Thursday, November 30, 2006

Pulitzer Prize to embrace Web 2.0 elements

The Pulitzer Prize Board has established new rules allowing newspapers to submit a full array of online material such as databases, interactive graphics, and streaming video for its journalism awards.

An assortment of Web 2.0 elements will now be permitted in all awards except for the competition's two photography categories, which will continue to restrict entries to still images.

"This board believes that its much fuller embrace of online journalism reflects the direction of newspapers in a rapidly changing media world," said Sig Gissler, administrator of the Pulitzer Prizes.

"In effect, a newspaper must call out which online element it wants to be considered," Gissler said. "If an element has multiple parts, such as a graphic with various entry points, the conceptual logic linking the parts must be clear."

The new submission criteria states that each online element has to be a single, discretely designated presentation - such as a database, blog, interactive graphic, slide show, or video presentation.

Each of these designated elements will count as one item in the total number of items, print or online, permitted in any entry.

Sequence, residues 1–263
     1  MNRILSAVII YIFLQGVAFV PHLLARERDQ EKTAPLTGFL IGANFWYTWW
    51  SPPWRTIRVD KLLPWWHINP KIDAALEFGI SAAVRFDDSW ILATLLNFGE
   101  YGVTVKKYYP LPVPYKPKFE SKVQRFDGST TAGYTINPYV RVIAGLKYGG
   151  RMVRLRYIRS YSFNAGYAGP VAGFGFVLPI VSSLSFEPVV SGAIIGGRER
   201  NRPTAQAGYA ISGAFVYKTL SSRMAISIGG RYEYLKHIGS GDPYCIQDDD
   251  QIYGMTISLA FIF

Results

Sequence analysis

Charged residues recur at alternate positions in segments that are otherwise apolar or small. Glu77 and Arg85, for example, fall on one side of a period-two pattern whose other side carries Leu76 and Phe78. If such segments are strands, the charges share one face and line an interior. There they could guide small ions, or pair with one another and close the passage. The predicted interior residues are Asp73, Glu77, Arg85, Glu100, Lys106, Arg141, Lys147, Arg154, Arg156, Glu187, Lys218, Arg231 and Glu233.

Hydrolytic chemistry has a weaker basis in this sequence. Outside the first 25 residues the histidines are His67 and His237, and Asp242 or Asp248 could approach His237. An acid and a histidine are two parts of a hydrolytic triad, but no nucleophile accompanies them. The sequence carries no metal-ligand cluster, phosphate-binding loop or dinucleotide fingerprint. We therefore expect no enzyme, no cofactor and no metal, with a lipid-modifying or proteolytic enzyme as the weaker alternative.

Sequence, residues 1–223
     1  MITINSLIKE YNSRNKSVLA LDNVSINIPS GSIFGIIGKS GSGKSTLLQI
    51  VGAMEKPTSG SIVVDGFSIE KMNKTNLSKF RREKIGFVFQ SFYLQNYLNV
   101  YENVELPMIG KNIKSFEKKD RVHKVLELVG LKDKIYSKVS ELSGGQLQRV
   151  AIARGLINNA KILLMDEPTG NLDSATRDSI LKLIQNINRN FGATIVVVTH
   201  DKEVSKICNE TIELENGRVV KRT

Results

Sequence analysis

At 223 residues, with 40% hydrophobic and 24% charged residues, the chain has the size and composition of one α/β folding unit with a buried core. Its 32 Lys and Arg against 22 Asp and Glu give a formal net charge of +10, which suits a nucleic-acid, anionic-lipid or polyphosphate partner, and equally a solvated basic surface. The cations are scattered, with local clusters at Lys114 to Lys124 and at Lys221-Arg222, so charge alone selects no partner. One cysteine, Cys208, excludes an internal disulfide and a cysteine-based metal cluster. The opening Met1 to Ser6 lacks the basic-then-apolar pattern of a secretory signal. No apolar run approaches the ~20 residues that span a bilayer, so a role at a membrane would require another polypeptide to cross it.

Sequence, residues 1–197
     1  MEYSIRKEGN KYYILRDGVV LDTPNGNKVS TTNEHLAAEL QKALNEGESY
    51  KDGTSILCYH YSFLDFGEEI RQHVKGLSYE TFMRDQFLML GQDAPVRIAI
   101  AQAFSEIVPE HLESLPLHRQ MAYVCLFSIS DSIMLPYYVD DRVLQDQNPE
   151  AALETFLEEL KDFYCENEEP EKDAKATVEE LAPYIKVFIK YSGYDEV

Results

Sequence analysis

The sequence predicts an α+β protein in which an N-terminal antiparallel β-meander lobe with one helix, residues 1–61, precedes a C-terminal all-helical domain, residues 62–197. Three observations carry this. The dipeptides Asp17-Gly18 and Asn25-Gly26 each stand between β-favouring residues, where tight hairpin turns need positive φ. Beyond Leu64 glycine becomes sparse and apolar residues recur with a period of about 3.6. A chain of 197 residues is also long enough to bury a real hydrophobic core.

Last year, for the first time, the board allowed some online content in all categories. However, with the exception of the public service category, the online work was limited to written stories or still images.

The breaking news reporting and breaking news photography categories of the awards will remain open to material published entirely on a newspaper's website.

In all other categories an entry may contain online material but it must also contain material published in the print edition.

The board also announced that the local reporting category would replace beat reporting as one of the 14 prizes.

All changes will apply to work done in 2006 for prizes awarded in 2007.

Wednesday, November 15, 2006


KENYA ONLINE JOURNALISTS ASSOCIATION(KOJA) is a non-profit making organization formed to strengh the unity of local Journalists in promoting growth of ICT4D
visit KOJA at

Monday, November 13, 2006

Offshoring: Coming Trend for Copy Desks?

A newsroom, bedeviled by missed deadlines, a short-handed copy desk and a lack of editing candidates, gets creative.